The development of the South Korean public healthcare         dominantly privately managed (Lee et al. 2008).
system has been a success. In a short period of time,
South Korea has gone from humble medical infrastruc-          Private healthcare service provision functions on the
ture and limited coverage (in 1977) to universal coverage     basis of a fee-for-service payment system (WHO, 2015).
(in 1989) and one of the highest life expectancies globally   Hence, South Korea has one of the highest shares of
(OECD 2016; Park et al. 2016)                                 out-of-pocket spending for health (34% in 2017) on a
                                                              global scale (OECD 2019). Patients pay 20% of the cost
Figure 2: Outlier plot - distribution of hospital             for in-patient services under the national health system
beds per 1,000 inhabitants indicator                          (WHO 2015). For patients who are unable to pay the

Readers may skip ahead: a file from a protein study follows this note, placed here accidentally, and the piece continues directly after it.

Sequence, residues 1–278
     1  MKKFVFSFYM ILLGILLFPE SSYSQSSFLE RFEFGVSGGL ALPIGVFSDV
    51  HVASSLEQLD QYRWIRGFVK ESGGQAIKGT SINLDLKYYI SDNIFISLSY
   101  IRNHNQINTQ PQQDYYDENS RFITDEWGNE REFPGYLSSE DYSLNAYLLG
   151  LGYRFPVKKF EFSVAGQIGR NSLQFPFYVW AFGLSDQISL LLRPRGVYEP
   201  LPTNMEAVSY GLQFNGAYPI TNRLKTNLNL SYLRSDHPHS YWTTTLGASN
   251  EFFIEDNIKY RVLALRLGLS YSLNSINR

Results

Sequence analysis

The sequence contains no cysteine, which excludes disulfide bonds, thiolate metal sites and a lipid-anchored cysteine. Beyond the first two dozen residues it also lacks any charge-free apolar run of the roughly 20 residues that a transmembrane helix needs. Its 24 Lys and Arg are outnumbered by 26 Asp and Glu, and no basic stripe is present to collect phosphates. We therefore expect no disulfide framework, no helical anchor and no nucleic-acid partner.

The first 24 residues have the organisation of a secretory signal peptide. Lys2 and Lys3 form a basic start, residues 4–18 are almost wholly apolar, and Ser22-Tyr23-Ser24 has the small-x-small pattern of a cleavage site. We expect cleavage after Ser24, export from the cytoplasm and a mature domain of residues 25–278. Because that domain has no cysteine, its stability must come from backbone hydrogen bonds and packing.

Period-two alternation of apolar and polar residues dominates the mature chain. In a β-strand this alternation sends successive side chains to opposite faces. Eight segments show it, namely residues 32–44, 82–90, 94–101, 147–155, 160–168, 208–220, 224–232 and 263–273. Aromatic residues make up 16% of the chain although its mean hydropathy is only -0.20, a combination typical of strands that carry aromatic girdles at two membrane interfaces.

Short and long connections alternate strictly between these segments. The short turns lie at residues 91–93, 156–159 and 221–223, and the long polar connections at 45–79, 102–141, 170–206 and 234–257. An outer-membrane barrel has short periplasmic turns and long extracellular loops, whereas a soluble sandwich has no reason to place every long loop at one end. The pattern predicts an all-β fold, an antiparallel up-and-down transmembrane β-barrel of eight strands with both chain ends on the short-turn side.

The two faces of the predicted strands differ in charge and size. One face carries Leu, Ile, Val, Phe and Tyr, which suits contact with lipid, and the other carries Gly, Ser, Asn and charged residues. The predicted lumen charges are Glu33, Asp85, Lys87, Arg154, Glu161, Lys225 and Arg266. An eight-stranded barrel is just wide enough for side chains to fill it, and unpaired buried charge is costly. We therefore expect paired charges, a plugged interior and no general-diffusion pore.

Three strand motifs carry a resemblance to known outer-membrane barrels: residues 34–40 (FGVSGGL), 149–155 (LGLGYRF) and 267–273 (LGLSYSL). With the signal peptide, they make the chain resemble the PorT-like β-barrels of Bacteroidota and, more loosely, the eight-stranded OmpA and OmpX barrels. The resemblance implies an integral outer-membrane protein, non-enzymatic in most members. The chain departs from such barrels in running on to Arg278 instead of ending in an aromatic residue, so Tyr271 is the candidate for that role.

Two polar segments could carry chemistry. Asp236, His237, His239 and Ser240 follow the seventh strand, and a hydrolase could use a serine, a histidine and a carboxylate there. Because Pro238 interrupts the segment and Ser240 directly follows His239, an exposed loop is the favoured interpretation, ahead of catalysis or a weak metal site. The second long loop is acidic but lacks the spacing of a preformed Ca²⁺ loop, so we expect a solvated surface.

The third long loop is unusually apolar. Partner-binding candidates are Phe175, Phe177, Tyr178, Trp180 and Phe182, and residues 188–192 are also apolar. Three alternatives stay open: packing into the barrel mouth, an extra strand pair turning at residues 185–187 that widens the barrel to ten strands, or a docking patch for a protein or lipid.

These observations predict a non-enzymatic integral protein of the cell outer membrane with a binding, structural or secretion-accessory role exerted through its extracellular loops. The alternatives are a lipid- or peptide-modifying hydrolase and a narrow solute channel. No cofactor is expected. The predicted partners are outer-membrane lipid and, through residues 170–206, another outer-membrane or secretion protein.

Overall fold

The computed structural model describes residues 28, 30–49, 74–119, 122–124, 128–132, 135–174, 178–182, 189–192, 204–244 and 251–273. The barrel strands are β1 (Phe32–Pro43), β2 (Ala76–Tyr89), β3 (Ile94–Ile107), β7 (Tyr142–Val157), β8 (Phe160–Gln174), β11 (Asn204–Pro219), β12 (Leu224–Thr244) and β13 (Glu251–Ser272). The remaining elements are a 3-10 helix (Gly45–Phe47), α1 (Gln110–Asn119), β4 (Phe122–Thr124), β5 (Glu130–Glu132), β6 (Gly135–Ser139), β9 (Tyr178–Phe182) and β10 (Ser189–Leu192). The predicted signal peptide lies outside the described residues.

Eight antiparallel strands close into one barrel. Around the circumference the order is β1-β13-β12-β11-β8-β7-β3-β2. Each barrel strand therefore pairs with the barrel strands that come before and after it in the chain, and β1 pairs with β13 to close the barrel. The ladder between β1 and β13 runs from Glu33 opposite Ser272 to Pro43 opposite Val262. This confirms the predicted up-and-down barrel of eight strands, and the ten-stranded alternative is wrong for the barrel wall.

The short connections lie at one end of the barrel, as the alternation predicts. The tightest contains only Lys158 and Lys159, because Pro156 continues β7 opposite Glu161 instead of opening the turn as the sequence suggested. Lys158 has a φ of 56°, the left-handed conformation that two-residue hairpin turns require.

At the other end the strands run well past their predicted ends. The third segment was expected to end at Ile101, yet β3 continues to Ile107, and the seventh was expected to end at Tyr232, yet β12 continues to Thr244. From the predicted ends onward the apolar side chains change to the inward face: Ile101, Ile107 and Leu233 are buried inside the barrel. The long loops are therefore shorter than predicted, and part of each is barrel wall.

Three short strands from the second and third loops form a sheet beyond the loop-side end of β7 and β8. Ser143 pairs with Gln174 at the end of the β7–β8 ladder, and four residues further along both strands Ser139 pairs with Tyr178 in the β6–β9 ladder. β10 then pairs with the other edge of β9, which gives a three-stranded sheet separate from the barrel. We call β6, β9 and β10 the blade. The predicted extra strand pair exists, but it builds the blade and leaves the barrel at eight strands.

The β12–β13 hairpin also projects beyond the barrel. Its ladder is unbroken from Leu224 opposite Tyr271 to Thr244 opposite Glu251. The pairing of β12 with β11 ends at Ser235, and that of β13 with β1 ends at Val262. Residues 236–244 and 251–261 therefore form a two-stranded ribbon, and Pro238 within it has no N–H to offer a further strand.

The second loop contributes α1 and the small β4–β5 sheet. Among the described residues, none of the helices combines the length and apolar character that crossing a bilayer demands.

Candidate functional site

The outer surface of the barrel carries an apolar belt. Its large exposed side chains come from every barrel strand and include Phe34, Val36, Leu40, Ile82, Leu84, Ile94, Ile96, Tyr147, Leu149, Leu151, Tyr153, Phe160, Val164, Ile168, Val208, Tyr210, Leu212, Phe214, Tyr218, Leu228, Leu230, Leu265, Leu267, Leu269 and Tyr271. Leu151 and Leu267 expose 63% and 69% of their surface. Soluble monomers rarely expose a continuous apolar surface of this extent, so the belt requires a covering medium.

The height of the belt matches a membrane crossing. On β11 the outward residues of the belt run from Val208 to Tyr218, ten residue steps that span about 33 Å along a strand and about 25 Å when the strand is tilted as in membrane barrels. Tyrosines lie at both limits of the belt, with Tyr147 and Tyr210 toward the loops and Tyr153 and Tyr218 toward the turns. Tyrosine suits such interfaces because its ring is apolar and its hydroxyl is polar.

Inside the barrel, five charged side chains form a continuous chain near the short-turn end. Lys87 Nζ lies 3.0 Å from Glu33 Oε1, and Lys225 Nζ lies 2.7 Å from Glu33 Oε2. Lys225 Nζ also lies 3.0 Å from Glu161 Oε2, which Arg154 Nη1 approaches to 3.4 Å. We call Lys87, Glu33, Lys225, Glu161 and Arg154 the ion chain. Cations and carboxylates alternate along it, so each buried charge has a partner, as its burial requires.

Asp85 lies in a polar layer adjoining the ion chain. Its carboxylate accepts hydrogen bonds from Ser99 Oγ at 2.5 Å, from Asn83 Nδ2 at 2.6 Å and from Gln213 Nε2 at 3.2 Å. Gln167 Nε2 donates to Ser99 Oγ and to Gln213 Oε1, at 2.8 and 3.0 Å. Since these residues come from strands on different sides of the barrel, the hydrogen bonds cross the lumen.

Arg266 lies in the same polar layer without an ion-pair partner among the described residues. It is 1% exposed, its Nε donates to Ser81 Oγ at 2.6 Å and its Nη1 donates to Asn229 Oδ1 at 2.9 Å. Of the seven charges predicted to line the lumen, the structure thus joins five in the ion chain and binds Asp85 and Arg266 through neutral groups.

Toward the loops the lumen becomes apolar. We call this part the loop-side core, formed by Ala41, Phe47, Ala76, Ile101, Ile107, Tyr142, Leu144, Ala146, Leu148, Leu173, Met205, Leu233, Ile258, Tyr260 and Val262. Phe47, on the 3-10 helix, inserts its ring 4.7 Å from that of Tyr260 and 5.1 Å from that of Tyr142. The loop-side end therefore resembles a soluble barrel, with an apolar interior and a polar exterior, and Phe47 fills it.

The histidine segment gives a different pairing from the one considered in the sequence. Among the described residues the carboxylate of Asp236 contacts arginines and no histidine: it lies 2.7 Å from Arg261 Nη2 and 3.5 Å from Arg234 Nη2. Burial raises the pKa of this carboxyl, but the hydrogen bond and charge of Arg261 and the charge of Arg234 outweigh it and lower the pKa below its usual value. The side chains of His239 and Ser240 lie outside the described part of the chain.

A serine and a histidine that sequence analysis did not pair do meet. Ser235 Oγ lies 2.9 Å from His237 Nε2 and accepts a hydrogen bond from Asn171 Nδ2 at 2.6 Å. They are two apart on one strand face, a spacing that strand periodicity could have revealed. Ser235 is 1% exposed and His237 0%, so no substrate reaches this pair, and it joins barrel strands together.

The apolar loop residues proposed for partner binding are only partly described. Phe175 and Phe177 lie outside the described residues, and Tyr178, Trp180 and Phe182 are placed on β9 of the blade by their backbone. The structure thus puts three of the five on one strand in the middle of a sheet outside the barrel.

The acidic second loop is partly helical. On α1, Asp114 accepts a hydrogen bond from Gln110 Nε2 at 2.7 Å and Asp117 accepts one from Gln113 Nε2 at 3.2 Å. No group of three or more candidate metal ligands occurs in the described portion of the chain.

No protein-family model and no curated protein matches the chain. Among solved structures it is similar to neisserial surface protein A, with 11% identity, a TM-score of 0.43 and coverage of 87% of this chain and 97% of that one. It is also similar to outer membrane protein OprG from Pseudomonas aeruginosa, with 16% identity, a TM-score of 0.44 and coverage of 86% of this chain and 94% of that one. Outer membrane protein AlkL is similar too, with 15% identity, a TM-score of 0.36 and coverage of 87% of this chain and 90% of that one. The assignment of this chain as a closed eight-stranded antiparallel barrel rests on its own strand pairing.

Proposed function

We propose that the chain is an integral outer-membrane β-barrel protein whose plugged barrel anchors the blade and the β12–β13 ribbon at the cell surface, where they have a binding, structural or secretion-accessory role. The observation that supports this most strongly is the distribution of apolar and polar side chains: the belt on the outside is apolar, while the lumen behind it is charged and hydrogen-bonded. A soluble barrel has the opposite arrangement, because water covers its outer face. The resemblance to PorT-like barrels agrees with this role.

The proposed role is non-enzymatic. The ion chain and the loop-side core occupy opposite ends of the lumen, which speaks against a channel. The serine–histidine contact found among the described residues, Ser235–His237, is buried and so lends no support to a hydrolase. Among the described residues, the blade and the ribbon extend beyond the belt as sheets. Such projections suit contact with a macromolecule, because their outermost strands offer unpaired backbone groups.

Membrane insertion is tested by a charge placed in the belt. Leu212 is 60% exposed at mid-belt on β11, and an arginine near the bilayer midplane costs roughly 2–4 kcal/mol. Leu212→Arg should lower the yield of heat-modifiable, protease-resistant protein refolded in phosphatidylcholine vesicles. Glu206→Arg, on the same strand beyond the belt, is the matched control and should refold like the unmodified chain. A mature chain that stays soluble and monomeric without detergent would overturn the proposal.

(Source: adapted from OECD)                                   services, the government has initiated the Medical Aid
                                                              Programme to cover their costs (Song 2009). In compar-
                                                              ison, patients in the US pay only around 11% (data for
                                                              2017) out-of-pocket while private insurers cover the rest
                                                              (OECD 2019; see also Kim 2010).

                                                              Overall, the system is financed through contributions,
                                                              government subsidies, and a surcharge on tobacco (Song
                                                              2009). Globally, South Korea spends less on health as a
                                                              portion of GDP than other advanced economies. In 2018,
                                                              South Korea spent 8.1% of GDP on health expenditures
                                                              while, for example, the US spent 16.9%, Germany 11.2%,